The Founder

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  1. Hah. I got lucky cause one of the employees loudly yelled out during the mid-credits "If you're waiting for an after credits scene - there isn't one."
  2. I just came back from seeing it. I won't say any spoilers since it is so new, but I will say this movie did a great job. It was a great addition to this universe. It certainly didn't feel as bleak as the three DC movies before it. I will say this - no after-credits scene.
  3. If DC was dying ... Wonder Woman just changed that. The film was a nice addition to the DCverse.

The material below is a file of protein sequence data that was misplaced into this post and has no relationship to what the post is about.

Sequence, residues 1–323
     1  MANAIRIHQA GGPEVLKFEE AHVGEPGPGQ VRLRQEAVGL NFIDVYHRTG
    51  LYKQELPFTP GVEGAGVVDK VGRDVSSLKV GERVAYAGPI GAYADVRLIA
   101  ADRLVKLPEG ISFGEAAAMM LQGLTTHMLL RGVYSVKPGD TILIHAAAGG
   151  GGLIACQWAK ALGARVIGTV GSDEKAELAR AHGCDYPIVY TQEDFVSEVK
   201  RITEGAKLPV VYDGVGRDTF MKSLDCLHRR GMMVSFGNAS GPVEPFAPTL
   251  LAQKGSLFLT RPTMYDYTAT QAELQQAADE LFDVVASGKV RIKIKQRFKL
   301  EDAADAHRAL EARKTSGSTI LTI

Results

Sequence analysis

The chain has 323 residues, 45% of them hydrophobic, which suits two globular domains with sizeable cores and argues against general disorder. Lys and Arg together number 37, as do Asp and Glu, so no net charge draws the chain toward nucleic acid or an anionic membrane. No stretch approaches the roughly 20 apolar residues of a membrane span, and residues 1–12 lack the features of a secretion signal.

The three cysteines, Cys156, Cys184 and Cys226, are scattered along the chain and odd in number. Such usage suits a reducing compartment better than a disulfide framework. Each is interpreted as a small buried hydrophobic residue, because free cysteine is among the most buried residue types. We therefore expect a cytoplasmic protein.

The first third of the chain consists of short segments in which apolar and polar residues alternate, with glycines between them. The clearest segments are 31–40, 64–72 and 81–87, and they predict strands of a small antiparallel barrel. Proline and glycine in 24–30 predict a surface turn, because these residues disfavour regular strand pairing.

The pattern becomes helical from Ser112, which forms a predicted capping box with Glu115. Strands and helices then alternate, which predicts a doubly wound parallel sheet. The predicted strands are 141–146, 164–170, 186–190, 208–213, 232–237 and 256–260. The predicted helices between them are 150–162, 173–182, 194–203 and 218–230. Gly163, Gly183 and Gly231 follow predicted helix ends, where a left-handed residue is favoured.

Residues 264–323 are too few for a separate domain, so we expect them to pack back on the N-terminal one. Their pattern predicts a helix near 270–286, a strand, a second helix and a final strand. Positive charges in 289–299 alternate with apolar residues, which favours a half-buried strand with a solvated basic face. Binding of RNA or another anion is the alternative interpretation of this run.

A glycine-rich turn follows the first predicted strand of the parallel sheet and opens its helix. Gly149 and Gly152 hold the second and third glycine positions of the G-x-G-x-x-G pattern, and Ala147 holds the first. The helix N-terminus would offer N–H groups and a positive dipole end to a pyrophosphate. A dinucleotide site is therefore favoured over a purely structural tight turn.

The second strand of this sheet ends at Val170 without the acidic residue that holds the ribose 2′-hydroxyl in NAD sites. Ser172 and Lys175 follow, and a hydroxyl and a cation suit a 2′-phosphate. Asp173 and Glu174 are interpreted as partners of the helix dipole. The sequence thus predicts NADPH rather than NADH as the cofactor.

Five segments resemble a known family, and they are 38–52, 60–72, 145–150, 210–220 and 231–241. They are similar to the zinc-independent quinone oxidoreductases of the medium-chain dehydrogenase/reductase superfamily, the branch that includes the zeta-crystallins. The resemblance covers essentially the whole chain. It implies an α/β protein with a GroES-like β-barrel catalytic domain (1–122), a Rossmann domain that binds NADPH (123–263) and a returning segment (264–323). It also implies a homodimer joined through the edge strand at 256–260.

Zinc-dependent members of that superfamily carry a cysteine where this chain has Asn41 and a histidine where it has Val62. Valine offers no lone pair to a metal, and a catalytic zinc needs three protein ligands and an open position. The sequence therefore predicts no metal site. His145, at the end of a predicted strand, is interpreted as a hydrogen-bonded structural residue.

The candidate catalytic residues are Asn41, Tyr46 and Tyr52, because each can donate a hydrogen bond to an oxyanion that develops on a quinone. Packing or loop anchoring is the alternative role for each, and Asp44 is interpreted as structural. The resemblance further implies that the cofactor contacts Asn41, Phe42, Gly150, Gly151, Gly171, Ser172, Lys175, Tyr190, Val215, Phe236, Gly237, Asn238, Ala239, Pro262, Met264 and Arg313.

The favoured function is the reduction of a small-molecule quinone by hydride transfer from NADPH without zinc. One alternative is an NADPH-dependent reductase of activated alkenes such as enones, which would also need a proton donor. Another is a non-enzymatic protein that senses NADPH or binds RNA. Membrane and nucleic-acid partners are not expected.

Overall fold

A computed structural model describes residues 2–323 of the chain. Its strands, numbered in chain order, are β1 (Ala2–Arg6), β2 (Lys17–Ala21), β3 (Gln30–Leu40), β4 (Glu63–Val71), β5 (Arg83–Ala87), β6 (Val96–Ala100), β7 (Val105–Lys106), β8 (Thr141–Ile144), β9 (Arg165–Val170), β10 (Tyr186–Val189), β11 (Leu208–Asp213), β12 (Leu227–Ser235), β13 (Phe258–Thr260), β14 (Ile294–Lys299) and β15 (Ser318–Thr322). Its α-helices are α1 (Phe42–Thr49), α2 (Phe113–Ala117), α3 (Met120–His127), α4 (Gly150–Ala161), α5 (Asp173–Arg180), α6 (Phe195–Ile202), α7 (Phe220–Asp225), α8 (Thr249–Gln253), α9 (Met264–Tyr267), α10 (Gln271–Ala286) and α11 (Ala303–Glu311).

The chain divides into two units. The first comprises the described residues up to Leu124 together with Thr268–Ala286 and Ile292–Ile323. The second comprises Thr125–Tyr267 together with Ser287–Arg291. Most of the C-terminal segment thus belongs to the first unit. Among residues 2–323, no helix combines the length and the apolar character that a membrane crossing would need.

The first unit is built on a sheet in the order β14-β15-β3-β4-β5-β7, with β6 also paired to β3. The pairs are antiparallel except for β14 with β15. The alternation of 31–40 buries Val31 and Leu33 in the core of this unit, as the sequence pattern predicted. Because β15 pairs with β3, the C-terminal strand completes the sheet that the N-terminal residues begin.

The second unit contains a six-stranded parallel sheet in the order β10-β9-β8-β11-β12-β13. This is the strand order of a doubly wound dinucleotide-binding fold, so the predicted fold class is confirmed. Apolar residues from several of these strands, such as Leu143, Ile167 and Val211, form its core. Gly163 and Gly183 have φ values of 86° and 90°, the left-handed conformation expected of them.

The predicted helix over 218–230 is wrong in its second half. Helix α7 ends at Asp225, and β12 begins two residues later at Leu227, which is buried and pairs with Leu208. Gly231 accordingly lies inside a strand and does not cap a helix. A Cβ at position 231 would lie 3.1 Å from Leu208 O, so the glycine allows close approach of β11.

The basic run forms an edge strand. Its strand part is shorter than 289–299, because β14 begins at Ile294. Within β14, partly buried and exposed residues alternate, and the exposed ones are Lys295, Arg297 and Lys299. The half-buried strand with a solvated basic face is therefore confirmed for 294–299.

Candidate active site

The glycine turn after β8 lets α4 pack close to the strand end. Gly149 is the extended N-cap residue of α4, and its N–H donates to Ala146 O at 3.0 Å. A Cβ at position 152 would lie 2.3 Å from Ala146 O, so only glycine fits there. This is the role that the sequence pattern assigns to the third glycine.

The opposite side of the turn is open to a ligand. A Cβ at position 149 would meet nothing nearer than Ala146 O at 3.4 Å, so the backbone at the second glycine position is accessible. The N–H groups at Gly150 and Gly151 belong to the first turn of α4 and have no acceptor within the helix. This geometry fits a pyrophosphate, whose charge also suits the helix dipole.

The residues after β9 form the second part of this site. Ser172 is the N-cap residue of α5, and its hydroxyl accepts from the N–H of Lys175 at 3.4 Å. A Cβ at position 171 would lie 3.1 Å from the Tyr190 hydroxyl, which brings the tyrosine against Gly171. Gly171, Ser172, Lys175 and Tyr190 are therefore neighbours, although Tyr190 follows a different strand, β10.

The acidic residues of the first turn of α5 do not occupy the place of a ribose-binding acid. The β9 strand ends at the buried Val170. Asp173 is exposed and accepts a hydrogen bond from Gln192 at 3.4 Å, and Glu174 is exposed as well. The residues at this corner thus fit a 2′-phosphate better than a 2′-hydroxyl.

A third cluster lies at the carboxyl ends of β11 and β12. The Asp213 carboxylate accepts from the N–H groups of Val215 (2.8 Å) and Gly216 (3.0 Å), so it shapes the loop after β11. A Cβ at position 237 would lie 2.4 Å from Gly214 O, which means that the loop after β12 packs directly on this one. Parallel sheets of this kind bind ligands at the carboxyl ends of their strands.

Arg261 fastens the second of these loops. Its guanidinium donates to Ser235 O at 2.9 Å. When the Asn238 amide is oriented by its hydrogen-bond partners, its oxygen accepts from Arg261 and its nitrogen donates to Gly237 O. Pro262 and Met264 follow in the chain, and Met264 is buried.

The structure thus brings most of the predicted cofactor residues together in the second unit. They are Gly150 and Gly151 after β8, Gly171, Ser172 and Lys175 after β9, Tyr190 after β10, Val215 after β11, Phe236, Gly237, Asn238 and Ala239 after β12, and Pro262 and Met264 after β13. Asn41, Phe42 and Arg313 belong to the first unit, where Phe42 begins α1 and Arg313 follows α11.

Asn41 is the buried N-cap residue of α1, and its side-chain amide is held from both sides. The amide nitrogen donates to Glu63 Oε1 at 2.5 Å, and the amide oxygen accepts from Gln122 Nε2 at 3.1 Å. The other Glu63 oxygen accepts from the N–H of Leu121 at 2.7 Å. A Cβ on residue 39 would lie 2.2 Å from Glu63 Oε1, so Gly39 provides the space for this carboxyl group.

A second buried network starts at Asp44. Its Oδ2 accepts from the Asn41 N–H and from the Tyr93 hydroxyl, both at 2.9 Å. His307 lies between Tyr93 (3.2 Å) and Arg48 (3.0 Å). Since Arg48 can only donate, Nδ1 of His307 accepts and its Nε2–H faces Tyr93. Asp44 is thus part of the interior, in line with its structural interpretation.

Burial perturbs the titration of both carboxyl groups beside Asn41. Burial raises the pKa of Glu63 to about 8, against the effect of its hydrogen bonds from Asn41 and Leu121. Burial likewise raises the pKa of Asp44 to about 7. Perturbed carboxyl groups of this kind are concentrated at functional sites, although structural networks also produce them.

4. Just finished this episode. Not a terrible one, but rather slow. This episode was, to be fair, a focus on character development. Odo's, Jake's, Kira's. In that regard - it did succeed. For Kira - her (to me) uninteresting relationship with Bareil. An aspect I find interesting is .... the Bajoran religious order seems to be loosely based off of the Roman Catholic Church. I wonder if Bareil being in a relationship is "scandalous" or the vedeks can marry and have relationships? I don't know. We don't really get much in that regard. This episode was just for them to share a kiss. I do love Quark's nefarious plot to distract her. Seems like him working with his cousin (Gaila?) would have been the better focus. I also love that when Odo is away - Kira makes sure to be on Quark's ass. Haha. I wonder if Odo asked her to do that? For Jake - I really enjoyed this subplot. One thing DS9 was so good at was showing the average life of civilians. It is interesting to see not all humans want to join Starfleet. And it was a really nice father/son moment when Sisko did not explode in anger but rather understood Jake's desire to carve his own path in life. Rather than simply being Ben Sisko part 2. Plus, this episode started the path for Jake to become a writer. Odo/Dax - The plot here was interesting. It was good for character growth with Odo. Having been rewatching the old seasons of DS9 - it's clear why Odo starts off so strict and stand-offish. No one was ever really his friend in the old days. They either used him for entertainment (Cardassian neck trick), used him for his ability to be intuitive (Dukat), or saw him as a fascinating specimen (Mora). Kira was probably his first true friend and that relationship was strained when she admitted she lied to him in the past about that murder. When he meets the little girl and she genuinely likes Odo - you could tell he was moved by it. His final moment of shape-shifting for her was nice because you can tell it's a big deal for him to do that for someone. We get another mention of the ominous "Dominion". Which I obviously loved. The fact that their world is under brutal occupation made me think of how the little girl told Odo they have "scary stories" of Changelings. I wonder if their superstition and mythology was largely influenced by the presence of the Founders. Seems like this quiet, agrarian species may have gotten a visit from the Founders and not just a Vorta supervisor? I did notice a minor plot hole (maybe not one?) - but the "protector" (their equivalent to a sheriff I guess) reacted in shock when Odo showed him transporters. He beams from the building and returns to show him that he could leave anytime he wanted to. The "protector" reacts in shock and is like "where did he go!?" as if he never saw a transporter before. Than, literally moments later, Jadzia and Odo ask if he tried searching for the missing villagers by scanning for transport signatures. He then replies that it was the first thing he tried.... So if he knew of transporters - why did he react in such confusion and shock when Odo beamed away? I chalk that up to his program malfunctioning. All in all - this was a nice episode and I loved how Odo actually saw the holograms as real people. When the village leader resigned himself to them being gone. Odo gave a rather impassioned plea not to give up on them and how they are just real as anyone else. The poor EMH on VOY could have used Odo during his trial for sentience. 7/10.